Marlowe’s skill in maintaining a high level of complexity put the history play on a sophisticated footing that challenged his competitors, including Shakespeare.
Edward II by Christopher Marlowe. Directed by David R. Gammons. Presented by Actors’ Shakespeare Project at Charlestown Working Theater, Charlestown, MA, through March 19.
By Ian Thal
Piers Gaveston (Eddie Shields), favorite to the crown prince of England, is curled up in a metal bathtub, awakened by an answering machine message: the prince has now been crowned King Edward II (Maurice Emmanuel Parent). He is ending the decree of exile that his father had imposed upon Gaveston to punish his son’s extravagance. Edward has invited him back to rule by his side.
Edward II was groundbreaking when it premiered in the early 1590s. Its numerous innovations include being among the first English history plays and the first to deal frankly with the issue of homoeroticism. For dramatic purposes, Marlowe compresses twenty-three years of events, and his skill in maintaining a high level of complexity put the genre on a sophisticated footing that challenged his competitors, including Shakespeare. It seems strange that this superb play has been performed so infrequently over the last two decades, given the struggle to overturn “don’t ask, don’t tell,” to advance marriage equality, and efforts to defend the human rights of LGBT people internationally.
Historians are divided over whether Edward and Gaveston had a sexual relationship or, if they did, whether defining them as gay is an anachronism. Both men were married, and had children with their wives along with offspring by other women as well. However, their unshakable dedication to one another is an unquestioned fact. Chronicles record that their political enemies called them “sodomites” (a charge also leveled against the Knights Templar at the same time).
Wherever you stand on the question, Marlowe was writing about two men in love and, once reunited, that is what this exquisitely punky production focuses on. Director David R. Gammons is nothing if not inventive; it is a joy whenever he is given a linguistically and thematically challenging script to deal with, one that allows him to dig deep into its imagery and come up with performance idioms that stretch the range of the production’s actors.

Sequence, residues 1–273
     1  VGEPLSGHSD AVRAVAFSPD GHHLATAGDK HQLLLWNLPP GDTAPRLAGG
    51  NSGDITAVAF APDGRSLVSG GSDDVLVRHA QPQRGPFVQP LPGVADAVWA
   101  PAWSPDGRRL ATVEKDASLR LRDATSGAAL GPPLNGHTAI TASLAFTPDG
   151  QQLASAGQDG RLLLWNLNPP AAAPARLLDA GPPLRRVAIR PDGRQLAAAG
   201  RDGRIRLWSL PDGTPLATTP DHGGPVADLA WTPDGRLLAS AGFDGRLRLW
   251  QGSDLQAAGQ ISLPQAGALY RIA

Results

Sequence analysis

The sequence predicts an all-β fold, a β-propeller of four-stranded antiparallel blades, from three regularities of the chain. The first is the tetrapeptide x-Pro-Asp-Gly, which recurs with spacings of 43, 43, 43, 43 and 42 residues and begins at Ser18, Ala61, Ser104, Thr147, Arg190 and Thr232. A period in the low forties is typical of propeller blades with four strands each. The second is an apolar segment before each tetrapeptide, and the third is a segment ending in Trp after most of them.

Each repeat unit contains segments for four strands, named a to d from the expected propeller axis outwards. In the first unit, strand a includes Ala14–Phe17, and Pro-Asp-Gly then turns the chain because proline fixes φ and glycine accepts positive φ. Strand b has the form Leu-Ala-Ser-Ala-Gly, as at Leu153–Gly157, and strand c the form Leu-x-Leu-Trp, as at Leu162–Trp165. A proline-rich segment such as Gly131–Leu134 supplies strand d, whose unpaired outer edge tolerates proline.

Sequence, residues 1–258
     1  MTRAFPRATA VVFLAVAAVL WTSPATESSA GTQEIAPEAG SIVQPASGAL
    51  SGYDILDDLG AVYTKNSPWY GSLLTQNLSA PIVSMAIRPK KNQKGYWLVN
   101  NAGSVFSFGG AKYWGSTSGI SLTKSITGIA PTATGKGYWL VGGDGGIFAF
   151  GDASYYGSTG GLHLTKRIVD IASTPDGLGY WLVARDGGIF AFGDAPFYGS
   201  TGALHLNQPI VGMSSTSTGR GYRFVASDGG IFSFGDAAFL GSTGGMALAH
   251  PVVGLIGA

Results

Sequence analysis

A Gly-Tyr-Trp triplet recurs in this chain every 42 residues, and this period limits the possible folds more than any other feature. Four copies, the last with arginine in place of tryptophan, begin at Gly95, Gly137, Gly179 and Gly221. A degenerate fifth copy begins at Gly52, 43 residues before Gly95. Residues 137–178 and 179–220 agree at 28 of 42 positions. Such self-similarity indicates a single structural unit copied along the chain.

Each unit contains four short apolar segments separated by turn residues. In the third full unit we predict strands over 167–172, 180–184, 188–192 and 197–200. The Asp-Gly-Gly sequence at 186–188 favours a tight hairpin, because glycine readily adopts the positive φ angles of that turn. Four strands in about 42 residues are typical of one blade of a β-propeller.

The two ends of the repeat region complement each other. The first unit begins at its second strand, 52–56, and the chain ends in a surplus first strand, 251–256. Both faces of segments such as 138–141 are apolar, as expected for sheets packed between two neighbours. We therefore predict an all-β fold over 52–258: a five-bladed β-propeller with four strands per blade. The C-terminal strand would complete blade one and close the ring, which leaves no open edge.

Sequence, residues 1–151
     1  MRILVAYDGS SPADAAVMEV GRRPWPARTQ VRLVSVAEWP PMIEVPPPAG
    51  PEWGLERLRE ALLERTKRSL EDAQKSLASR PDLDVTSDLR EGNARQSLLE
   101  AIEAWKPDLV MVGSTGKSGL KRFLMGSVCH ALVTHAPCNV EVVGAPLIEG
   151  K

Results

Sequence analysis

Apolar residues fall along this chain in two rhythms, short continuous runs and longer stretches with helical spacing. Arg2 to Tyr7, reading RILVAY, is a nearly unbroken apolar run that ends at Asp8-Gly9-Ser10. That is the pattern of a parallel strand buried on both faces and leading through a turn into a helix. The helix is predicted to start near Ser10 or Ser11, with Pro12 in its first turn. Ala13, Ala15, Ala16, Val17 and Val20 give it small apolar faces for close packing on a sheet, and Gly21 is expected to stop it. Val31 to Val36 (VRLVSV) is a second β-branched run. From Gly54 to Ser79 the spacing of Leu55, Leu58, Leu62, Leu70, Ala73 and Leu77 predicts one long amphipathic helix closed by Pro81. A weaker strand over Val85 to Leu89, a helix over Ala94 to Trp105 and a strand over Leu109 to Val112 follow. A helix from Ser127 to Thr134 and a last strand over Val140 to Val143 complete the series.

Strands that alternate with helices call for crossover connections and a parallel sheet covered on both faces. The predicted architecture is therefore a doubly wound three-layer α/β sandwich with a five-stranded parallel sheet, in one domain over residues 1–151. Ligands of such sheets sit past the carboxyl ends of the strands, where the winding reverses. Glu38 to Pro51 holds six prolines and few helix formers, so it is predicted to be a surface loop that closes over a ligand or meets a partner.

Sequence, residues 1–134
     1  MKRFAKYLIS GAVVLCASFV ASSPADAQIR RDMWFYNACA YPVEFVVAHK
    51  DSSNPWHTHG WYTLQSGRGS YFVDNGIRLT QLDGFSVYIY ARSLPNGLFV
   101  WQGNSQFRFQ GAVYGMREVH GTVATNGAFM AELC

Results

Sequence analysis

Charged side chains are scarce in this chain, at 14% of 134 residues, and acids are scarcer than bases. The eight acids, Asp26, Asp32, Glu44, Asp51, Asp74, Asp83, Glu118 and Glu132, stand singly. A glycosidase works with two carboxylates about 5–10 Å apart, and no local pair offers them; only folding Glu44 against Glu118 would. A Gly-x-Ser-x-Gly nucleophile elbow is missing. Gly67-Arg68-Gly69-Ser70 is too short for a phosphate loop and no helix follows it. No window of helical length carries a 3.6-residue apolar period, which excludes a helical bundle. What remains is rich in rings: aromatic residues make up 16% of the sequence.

Parent’s Edward is a passionate king: passionate for love and war, but not for cultivating the subtler machinations of statecraft that might have assisted him in keeping his crown, his queen, and his Gaveston. Jennie Israel’s Isabella is a queen who loves her husband and is tender to their son; she might have been genially amenable to Gaveston’s presence if Edward’s love were not a zero-sum game. Israel’s performance captures the figure’s sincere heartbreak as well as her self-conscious application of realpolitik. Nigel Gore’s Lancaster is a cagey political player who is not able to control his destructive instincts; a leader of the rebel barons, he is belligerent even after he wins a satisfying victory.
David J. Castillo, as Edward III, spends most of the play silently witnessing the vicious power-plays ripping his family apart. But he supplies a compelling performance when he is called on to take a more central role in the fifth act: he is a figure of historical distinction, a boy who became king at the age of thirteen and at sixteen staged a coup against his “protectors” to exact revenge on those who murdered his father.
Alex Pollock, as Mortimer (a composite character in this production — both Marlowe and Holinshed’s Chronicles proffer older and younger Mortimers), gives a brilliantly strange performance, a striking study in affected solipsism. His head shaved, usually clad in leather from the neck down, he observes a world from which he is alienated; he deliberately chooses his every gesture, his every syllable, his every Latin aphorism, to intimate menace. Other strong supporting performances include Nile Hawver as Edward’s half-brother, the Earl of Kent, a man of divided loyalties, and Stewart Evan Smith as the steady Spencer (also a composite of old and young Spencers).